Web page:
, Volume 14, Issue 5, pp 673-683

A regional framework for establishing recovery criteria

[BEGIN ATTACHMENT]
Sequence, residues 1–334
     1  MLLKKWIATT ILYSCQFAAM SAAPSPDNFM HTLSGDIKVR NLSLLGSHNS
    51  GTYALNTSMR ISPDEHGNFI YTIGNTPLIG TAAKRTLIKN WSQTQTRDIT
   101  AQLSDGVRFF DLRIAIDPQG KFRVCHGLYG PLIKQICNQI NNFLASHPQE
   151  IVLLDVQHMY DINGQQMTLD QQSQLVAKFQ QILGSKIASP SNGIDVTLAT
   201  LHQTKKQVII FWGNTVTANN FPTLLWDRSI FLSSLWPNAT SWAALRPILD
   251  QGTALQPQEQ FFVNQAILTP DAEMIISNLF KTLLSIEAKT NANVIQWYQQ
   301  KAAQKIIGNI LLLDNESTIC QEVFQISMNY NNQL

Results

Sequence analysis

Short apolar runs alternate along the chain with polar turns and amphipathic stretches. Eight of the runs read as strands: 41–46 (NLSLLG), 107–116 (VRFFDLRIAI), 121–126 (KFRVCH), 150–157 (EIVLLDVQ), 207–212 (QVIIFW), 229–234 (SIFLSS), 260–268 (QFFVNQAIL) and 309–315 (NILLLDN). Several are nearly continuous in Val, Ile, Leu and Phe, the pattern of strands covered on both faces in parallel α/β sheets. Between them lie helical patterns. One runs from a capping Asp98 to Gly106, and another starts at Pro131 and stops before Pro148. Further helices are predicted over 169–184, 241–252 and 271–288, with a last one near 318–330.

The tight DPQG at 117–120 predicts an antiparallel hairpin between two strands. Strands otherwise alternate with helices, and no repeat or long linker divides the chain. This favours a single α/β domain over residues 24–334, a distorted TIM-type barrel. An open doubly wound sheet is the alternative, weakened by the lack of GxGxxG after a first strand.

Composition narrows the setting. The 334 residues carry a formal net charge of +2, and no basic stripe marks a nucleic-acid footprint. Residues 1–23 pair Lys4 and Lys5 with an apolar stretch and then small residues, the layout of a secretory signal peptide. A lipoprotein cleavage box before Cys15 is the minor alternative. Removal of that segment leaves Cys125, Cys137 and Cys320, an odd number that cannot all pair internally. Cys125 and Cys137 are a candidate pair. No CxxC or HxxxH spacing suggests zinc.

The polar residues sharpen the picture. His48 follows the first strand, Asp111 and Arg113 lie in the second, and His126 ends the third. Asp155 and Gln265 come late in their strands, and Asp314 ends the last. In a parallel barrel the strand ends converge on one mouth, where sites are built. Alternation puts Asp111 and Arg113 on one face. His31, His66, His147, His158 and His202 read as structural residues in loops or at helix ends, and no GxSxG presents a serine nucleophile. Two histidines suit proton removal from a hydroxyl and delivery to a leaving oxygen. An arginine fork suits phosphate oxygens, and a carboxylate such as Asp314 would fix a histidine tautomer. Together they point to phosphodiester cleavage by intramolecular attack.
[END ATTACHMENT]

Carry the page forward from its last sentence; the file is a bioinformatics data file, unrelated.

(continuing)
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Effective assessments of aquatic ecosystem recovery require ecologically sound endpoints against which progress can be measured. Site-by-site assessments of end points and potential recovery trajectories are impractical for water resource agencies. Because of the natural variation among ecosystems, applying a single set of criteria nationwide is not appropriate either. This article demonstrates the use of a regional framework for stratifying natural variation and for determining realistic biological criteria. A map of ecoregions, drawn from landscape characteristics, formed the framework for three statewide case studies and three separate studies at the river basin scale. Statewide studies of Arkansas, Ohio, and Oregon, USA, streams demonstrated patterns in fish assemblages corresponding to ecoregions. The river basin study in Oregon revealed a distinct change at the ecoregion boundary; those in Ohio and Montana demonstrated the value of regional reference sites for assessing recovery. Ecoregions can be used to facilitate the application of ecological theory and to set recovery criteria for various regions of states or of the country. Such a framework provides an important alternative between site-specific and national approaches for assessing recovery rates and conditions.